Amazon’s financial results for the quarter ended June 30 were affected by the slowdown in online consumer purchasing, like many other ecommerce retailers and platforms.
The company acknowledged inflation-induced cost pressures, especially in the supply chain. Additionally, Prime Day was in the second quarter in 2021 but in the third quarter this year, negating a Q2 sales boost.
Amazon reported sluggish sales and a net loss for the second straight quarter. Nevertheless, Q2 revenue exceeded analysts’ expectations, coming in at $121.2 billion versus the expected $119.5 billion. Revenue for Q2 2021 was $113.1 billion.
While product sales fell, service revenue increased by 17.4%, from $55.1 billion in Q2 2021 to $64.7 billion in Q2 this year — primarily from Amazon Web Services.
The Q2 2022 net loss was $2.0 billion, compared with net income of $7.8 billion in Q2 2021. The net loss includes a pre-tax non-operating write-down of $3.9 billion from the company’s investment in electric carmaker Rivian.
Operating expenses grew 12% year-over-year, from $105.3 billion in Q2 2021 to $118 billion this year. Operating income decreased 57% to $3.3 billion this year, compared with $7.7 billion in Q2 2021.
In its 10-Q, Amazon said the operating loss for North America — $622 million in Q2 2022 — was primarily due to increased shipping, fulfillment, and transportation costs; high wage rates and incentives; and fulfillment network inefficiencies. The same factors applied to its international unit’s $1.8 billion operating loss.
Nonetheless, North American ecommerce sales increased 10.2% year-over-year from $67.6 billion in Q2 2021 to $74.4 billion this year, while international sales fell about 12% from $30.7 billion to $20.7 billion. Much of the global reduction was due to foreign exchange rates.
Sixty-two percent of Amazon’s overall product sales were in North America, an increase of 2% over the same period last year. Amazon Web Services contributed 22% of total revenue, an increase from 13% in Q2 2021.
Subscription sales, including Amazon Prime, rose 10% to $8.7 billion. Seller services revenue rose 9.1% to $27.4 billion, and advertising sales rose 17.5% to $8.8 billion in year-over-year results. Third-party sellers accounted for 57% of all items sold on Amazon in the quarter, the highest percentage ever, according to Chief Financial Officer Brian Olsavsky during the earnings call.
Amazon Web Services
Amazon Web Services was the star this quarter, counterbalancing sluggish growth in ecommerce. Year-over-year quarterly net sales grew 33% from $14.8 billion in Q2 2021 to $19.7 billion in 2022. Operating income from AWS increased 36% year-over-year from $4.2 billion in Q2 2021 to $5.7 billion this year. During the 2022 second quarter, AWS announced new customer agreements with Delta Airlines and British Telecom, among other enterprises.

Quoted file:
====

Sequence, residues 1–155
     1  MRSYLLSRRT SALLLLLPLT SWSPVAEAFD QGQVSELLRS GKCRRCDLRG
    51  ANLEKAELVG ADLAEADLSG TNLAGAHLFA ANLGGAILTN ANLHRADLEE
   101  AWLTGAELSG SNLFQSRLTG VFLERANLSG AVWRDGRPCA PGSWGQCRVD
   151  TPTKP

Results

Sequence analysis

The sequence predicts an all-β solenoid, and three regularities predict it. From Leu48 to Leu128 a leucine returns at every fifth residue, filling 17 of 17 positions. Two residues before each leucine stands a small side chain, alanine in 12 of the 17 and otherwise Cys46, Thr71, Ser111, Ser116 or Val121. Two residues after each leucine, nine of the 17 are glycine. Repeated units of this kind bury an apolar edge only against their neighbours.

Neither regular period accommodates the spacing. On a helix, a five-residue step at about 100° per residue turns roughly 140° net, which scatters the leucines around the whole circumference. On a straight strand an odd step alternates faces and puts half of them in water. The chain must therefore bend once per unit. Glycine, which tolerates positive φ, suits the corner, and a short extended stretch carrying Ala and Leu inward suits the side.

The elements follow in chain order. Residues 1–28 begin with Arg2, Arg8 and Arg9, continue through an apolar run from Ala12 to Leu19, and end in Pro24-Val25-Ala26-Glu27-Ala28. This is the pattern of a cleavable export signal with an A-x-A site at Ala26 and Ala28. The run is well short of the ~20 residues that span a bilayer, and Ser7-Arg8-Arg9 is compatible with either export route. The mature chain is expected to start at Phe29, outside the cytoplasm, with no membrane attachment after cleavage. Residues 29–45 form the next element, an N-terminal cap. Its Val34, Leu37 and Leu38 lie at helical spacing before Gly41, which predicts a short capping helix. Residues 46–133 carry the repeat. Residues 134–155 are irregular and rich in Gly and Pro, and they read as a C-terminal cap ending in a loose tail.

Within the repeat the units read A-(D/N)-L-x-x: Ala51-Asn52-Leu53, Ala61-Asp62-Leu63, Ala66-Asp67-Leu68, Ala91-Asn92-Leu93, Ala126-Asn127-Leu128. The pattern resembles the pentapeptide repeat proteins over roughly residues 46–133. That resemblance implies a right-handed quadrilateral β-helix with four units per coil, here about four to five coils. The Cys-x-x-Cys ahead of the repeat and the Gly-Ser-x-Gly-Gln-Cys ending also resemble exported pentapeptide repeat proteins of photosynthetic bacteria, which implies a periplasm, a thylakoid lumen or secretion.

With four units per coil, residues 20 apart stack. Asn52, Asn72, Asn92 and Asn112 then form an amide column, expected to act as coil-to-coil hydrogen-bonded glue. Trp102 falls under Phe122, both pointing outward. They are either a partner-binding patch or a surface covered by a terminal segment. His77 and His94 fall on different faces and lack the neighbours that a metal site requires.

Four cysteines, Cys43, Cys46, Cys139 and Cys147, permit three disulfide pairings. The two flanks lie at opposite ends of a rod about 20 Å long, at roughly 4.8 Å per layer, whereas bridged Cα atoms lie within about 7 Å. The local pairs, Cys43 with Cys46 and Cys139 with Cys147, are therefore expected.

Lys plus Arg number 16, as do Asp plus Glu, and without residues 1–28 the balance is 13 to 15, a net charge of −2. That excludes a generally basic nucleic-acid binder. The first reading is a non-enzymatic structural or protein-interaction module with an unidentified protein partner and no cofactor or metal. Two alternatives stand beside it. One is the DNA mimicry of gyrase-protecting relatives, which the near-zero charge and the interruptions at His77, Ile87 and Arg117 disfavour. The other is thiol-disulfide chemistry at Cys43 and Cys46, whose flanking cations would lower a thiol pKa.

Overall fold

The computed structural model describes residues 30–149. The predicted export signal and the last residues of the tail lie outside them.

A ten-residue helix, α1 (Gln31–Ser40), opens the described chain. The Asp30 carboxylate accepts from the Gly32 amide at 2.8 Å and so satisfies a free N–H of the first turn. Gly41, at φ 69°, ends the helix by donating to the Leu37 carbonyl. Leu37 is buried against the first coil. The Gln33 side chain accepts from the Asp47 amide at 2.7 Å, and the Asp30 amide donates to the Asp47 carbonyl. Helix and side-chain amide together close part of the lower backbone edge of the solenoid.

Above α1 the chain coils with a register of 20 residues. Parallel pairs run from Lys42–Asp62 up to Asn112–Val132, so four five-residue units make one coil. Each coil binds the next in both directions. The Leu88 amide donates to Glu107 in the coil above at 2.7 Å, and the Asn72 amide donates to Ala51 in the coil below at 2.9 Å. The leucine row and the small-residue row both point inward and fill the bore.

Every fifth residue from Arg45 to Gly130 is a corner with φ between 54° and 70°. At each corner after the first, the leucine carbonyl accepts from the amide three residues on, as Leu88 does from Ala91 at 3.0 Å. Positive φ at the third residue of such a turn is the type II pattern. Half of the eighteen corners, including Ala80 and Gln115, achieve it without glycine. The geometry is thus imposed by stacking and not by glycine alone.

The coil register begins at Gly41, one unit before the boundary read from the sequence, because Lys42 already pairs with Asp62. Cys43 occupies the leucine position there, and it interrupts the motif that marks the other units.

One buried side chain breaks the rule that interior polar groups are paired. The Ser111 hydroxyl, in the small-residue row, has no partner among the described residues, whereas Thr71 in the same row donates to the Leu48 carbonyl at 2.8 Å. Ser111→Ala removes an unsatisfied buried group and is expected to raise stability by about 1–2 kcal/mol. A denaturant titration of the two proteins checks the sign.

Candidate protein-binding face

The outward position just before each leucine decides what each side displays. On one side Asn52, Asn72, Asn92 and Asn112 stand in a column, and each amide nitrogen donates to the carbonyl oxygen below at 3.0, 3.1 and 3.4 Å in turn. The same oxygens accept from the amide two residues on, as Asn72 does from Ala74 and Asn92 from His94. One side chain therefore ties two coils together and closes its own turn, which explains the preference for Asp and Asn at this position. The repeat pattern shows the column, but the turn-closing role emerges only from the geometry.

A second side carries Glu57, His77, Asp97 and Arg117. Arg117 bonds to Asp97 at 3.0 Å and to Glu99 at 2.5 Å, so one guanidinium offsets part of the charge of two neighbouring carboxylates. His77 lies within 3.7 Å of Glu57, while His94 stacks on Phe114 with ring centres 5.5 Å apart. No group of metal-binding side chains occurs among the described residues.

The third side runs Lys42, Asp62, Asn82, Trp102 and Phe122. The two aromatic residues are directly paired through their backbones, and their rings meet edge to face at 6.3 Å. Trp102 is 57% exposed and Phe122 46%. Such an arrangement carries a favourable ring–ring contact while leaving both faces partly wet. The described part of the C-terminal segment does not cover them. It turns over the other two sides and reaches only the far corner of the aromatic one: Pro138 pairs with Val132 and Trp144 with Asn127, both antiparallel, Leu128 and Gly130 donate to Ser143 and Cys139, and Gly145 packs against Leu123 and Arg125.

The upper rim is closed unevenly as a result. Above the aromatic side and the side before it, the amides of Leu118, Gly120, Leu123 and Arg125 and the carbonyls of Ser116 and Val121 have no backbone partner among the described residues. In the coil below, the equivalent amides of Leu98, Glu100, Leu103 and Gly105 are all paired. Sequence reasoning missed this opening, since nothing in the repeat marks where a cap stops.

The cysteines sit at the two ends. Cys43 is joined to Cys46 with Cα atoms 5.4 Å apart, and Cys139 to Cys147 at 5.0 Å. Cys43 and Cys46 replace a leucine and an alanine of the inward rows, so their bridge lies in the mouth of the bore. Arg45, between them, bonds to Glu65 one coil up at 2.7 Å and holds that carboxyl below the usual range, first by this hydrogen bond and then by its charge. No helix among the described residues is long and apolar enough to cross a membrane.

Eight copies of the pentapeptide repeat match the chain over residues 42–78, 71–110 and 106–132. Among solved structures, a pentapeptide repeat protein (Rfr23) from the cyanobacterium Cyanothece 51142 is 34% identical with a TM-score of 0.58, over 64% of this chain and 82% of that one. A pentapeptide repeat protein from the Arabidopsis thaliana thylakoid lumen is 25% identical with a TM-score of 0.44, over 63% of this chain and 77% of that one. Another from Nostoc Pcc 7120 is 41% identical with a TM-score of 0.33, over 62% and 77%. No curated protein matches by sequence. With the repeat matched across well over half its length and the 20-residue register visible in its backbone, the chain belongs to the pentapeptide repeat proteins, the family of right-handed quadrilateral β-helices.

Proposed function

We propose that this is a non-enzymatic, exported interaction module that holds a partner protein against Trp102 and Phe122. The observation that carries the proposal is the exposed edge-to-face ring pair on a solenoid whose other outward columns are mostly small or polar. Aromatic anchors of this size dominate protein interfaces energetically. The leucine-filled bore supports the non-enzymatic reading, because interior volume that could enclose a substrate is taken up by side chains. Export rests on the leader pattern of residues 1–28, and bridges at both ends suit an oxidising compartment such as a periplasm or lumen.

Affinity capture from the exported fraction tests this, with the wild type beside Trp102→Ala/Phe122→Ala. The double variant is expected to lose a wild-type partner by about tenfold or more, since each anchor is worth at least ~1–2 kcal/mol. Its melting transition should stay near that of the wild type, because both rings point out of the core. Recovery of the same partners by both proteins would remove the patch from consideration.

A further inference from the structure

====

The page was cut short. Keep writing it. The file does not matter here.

In the earnings call, Amazon staff stated that over half of capital investment for the entire 2022 year would focus on technology infrastructure for AWS.
Third Quarter Guidance
In the call, Amazon staff projected Q3 2022 net sales to range from $125 billion to $130 billion, an increase of 13% to 17% over Q3 2021. Operating income will range from $0 to $3.5 billion, compared with $4.9 billion in Q3 2021. The guidance includes an unfavorable impact on foreign exchange rates.
Shopify and Amazon
I reported last week on Shopify’s poor second-quarter performance, and I’ve been following Wall Street analysts’ responses to the two companies. While both suffered losses, analysts had a much more bullish response to Amazon. The market agreed, with Amazon’s stock price rising 12% in after-hours trading the day the company announced its results. Shopify’s stock price tumbled amidst analyst criticism, although it has since recovered.
Amazon has strengths that Shopify lacks. Amazon is much bigger than Shopify and can better cope with quarterly losses. Amazon’s Q2 2022 revenue was $121.2 billion, while Shopify’s was $1.3 billion. Amazon’s market cap is $1.4 trillion, roughly 3.3 times larger than Shopify’s $44.2 billion. Amazon predicted better results for the balance of 2022, while Shopify anticipated continuing losses.
Furthermore, Amazon is diversified with services such as AWS, while Shopify relies entirely on ecommerce. Moreover, Amazon is pursuing healthcare initiatives. In July, the company announced plans to buy One Medical, a primary care provider with nearly 200 U.S. locations. Additionally, through Amazon Care, the company offers virtual consultations with doctors.